Sims: 49.0 IP, 37 K, 17 BB, 8 HR, 5.14 ERA, 5.05 FIP, 1.41 WHIP
After getting the call for his major league debut after the trade deadline, Sims worked as a starter throughout August before shifting to the bullpen for most of September. His return to the rotation came last Wednesday, and it went rather well, as Sims threw five innings against Washington with six strikeouts, two walks, and one run allowed. That’s one fewer run than he let up in a two-inning relief appearance against the Mets on September 16.
Flexen: 41.2 IP, 29 K, 30 BB, 9 HR, 7.13 ERA, 6.87 FIP, 1.99 WHIP
Flexen was a disaster the last two times he took the hill as a starter, but in five relief innings since then, he’s allowed just one run. That might be a very small sample size, but hopefully it’s enough to give the 23-year-old the lift he needs to handle what should be the final start of his campaign. No matter how Flexen’s outing goes, he’ll probably begin 2018 in the minor leagues, but his future will seem brighter if he’s able to control the strike zone effectively on Monday.
Monday, September 25 (Game 2): Max Fried vs. Seth Lugo, after Game 1 on SNY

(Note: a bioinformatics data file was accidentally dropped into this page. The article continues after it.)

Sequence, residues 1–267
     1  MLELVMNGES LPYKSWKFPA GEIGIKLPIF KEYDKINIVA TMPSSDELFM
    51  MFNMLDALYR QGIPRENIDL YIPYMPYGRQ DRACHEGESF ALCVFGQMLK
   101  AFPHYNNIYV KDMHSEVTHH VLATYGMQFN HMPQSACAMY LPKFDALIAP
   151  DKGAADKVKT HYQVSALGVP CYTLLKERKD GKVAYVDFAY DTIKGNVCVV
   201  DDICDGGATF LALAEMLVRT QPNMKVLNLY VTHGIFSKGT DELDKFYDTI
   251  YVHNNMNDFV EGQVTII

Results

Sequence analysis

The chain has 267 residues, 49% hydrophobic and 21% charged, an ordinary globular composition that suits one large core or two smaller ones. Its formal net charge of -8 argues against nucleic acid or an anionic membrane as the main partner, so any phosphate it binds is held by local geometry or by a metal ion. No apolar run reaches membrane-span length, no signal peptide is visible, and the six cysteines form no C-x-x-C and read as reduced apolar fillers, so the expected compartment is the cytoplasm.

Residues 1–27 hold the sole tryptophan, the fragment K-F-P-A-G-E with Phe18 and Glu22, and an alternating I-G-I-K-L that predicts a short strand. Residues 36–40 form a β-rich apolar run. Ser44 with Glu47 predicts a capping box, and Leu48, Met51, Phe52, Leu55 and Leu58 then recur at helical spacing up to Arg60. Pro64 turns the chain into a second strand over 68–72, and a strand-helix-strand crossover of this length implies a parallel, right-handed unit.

Fried: 16.1 IP, 13 K, 10 BB, 3 HR, 4.41 ERA, 5.97 FIP, 1.65 WHIP
It will be a long layover for Fried on Monday, as he hasn’t pitched since throwing a scoreless inning in relief on September 16 against the Mets. Before that, he made two big league starts in which he allowed a total of five runs in eight-and-two-thirds frames. Like Flexen, Fried spent most of this season at Double-A and could be punching a little above his weight in this game. Hopefully the Mets can take advantage in the nightcap.
Lugo: 91.1 IP, 74 K, 25 BB, 12 HR, 5.03 ERA, 4.13 FIP, 1.43 WHIP
Lugo probably won’t pitch well enough or poorly enough in this start to give us a clue on his 2018 role, but we might as well try to learn something. Considering the Louisiana native’s versatility and his contract situation, he should be a useful puzzle piece for years to come. Even if that spin rate doesn’t translate into star power, the Mets will find something to do with Lugo.
Tuesday, September 26: R.A. Dickey vs. Rafael Montero, 7:10 p.m. on SNY
Dickey: 183.1 IP, 132 K, 67 BB, 25 HR, 4.32 ERA, 4.75 FIP, 1.39 WHIP